In the case of the Green Revolution traits in wheat, dominant mutations that stabilise members of the growth-repressing DELLA proteins, such as Rht-1, were found to cause the semi-dwarfing phenotype (Peng et al., 1999) (Fig. 1). In rice and barley, semi-dwarfed varieties were generated using loss-of-function alleles for enzymes with key roles in biosynthesis of gibberellin (GA) (e.g. GA20oxidase for sd-1 and sdw-1) (Spielmeyer et al., 2002; Jia et al., 2011). The cloning and functional characterisation of the DELLA proteins as negative regulators of GA signalling was revealed in the model species, Arabidopsis thaliana, pea and rice (Peng et al., 1997; Dill et al., 2001); this fundamental work was important to facilitate the identification and molecular understanding of the dwarfing alleles in cereals, which included demonstration that a GA-insensitive DELLA protein underpins the dwarf-8 locus of maize. Further molecular studies revealed that, in the absence of GA, DELLA proteins inhibit growth by preventing transcription factors like those of the basic helix-loop-helix (bHLH) family from binding and regulating their target genes (Feng et al., 2008). In contrast, when GA is present, it binds the GID1 receptor. This promotes GID1-DELLA interactions and thus relieves the bHLH transcription factors of repression. Upon GID1 interaction, DELLA proteins are ubiquitylated and subsequently degraded in the proteasome (Sun, 2008).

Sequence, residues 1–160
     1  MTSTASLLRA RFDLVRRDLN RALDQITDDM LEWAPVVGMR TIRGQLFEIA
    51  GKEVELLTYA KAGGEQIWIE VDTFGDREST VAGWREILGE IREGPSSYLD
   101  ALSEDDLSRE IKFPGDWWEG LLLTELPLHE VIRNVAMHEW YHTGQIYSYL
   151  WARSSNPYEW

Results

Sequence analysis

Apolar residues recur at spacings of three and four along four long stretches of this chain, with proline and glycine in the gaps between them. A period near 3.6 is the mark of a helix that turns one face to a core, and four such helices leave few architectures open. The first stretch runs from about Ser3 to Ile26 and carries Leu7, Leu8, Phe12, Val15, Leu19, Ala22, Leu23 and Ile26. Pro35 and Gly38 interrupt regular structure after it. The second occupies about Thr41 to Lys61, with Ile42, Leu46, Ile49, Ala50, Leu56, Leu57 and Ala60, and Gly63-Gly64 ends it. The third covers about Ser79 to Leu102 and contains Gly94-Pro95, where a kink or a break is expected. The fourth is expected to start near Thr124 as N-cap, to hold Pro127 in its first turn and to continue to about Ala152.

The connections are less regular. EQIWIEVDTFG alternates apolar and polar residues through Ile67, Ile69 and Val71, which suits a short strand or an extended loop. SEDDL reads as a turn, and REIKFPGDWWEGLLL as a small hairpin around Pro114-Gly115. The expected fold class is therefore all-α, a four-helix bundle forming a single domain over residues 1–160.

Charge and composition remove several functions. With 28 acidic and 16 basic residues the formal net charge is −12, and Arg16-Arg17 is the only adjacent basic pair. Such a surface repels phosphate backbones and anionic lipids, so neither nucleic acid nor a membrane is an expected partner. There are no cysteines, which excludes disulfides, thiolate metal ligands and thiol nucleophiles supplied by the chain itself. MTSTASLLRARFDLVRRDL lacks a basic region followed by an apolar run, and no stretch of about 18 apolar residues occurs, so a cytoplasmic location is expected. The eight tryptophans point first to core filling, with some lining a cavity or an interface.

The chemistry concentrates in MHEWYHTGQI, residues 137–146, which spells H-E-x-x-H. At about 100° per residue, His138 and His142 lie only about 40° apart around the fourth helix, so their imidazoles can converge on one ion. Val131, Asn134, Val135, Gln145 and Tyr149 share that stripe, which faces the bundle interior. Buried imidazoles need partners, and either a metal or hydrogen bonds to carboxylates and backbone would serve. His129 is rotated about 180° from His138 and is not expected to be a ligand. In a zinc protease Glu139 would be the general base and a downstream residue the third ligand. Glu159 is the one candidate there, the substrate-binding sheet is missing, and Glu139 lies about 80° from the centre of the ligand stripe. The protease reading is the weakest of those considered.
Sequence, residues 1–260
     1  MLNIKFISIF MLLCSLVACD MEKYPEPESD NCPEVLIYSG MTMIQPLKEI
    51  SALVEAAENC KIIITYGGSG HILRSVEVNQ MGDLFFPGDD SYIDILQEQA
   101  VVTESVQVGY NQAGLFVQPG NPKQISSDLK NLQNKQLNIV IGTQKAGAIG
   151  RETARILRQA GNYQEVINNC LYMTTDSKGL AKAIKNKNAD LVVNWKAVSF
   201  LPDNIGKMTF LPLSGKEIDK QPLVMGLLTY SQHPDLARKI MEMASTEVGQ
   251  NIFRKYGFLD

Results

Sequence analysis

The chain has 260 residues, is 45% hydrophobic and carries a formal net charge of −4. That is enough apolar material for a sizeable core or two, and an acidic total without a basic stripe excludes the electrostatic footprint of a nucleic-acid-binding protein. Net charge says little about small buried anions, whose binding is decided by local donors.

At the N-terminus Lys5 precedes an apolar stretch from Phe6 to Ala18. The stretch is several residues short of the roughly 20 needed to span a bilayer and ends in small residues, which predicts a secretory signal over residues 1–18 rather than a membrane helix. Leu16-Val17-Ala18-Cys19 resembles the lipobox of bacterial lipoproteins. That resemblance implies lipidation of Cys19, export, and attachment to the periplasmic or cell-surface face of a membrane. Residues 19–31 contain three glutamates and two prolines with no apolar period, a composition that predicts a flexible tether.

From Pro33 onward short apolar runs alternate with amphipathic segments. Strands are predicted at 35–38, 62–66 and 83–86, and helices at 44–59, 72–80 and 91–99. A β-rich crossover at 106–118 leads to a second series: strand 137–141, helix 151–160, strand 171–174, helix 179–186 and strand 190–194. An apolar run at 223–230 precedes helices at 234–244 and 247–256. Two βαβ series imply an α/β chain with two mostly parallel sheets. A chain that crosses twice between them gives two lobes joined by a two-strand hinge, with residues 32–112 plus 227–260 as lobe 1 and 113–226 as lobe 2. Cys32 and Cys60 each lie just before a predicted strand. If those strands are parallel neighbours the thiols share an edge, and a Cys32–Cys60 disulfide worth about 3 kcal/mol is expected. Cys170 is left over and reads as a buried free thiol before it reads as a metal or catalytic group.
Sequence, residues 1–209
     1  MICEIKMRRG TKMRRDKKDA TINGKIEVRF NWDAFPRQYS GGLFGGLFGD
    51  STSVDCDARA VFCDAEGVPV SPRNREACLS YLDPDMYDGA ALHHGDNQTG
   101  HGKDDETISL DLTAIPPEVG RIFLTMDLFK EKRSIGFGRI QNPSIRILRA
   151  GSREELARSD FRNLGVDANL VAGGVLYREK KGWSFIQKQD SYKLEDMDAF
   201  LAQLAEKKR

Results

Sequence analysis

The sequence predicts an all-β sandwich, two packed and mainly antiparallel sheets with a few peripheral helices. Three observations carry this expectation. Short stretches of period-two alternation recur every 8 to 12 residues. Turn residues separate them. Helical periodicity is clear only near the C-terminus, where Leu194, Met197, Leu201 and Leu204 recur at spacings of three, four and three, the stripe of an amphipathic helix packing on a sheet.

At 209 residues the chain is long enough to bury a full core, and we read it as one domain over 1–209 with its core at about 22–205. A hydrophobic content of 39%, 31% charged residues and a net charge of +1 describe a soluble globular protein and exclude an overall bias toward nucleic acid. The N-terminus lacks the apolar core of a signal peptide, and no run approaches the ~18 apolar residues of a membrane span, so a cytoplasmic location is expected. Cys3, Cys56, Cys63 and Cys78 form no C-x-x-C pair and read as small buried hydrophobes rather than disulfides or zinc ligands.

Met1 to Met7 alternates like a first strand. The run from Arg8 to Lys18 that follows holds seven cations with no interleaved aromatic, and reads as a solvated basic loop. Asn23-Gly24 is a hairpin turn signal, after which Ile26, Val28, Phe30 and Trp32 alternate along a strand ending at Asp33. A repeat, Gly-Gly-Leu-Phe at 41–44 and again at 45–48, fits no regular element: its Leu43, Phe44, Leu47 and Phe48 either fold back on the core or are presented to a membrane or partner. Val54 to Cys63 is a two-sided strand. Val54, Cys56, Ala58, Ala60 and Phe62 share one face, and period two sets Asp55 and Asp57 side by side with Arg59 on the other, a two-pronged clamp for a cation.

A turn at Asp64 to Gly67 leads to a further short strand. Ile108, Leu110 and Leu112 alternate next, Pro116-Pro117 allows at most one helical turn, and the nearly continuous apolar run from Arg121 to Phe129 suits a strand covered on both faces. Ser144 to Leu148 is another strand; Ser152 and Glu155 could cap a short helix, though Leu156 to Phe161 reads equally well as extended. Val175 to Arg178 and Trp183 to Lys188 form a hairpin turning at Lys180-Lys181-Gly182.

The TEOSINTE BRANCHED1 (TB1) gene was first identified in maize and epitomises the convergence of research investigating the genetic regulation of key domestication-related traits in crops and developmental research in model organisms (Doebley et al., 1995; Fig. 2). TB1 is known as BRANCHED1 (BRC1) in Arabidopsis, pea and potato, cycloidea in snapdragon (Antirrhinum majus), INTERMEDIUM-C in barley, TB1 in wheat and sorghum, and fine culm in rice (Luo et al., 1996; Doebley et al., 1997; Hubbard et al., 2002; Takeda et al., 2003; Aguilar-Martinez et al., 2007; Finlayson, 2007; Kebrom et al., 2010; Ramsay et al., 2011; Braun et al., 2012; Nicolas et al., 2015; Dixon et al., 2018). TB1 was identified as a gene that contributed significantly to maize domestication by promoting the dominant growth of the main stem compared with side stems (a phenomenon known as apical dominance) in modern cultivars. It was subsequently revealed that increased expression of the TB1 allele in modern cultivars suppresses branch outgrowth and alter floral architecture traits partly by activating expression of a gene encoding an ankyrin repeat domain protein (Doebley et al., 1997; Dong et al., 2017; Studer et al., 2017). This research coincided with the identification of the TB1-homologue, cycloidea (CYC) in Antirrhinum, which controls dorsoventral asymmetry, with loss-of-function alleles producing flowers that are radially symmetrical (Luo et al., 1996) (Fig. 2). In Arabidopsis, BRC1 was shown to delay flowering of lateral branches by inhibiting the ability of FLOWERING LOCUS T (FT) protein to form part of the floral activation complex required to activate flowering within the shoot apical meristem (Niwa et al., 2013). These two developmental roles for CYC and BRC1 discovered in model plants inspired the molecular dissection of the role for TB1 in wheat, where its increased expression was found to promote formation of additional spikelets, with TB1 shown to interact with FT1 and delay the formation of spikelet meristems (Dixon et al., 2018) (Fig. 2). The conserved role of TB1-like genes in controlling floral architecture is further supported by INT-C contributing to the two-rowed versus six-rowed inflorescence architecture of barley, with the sixed-rowed phenotype being limited to domesticated barley (Ramsay et al., 2011) (Fig. 2). Moreover, Tb1 in maize controls the formation of floral structures called cupules that contain spikelet pairs (Doebley et al., 1995) (Fig. 2). Taken together, these studies highlight the importance of a single developmental gene that has contributed significantly to ancient events of crop plant domestication, and how insights from modern research has provided clues about the developmental mechanisms that underpin the gene's contribution to key agricultural traits (Fig. 2).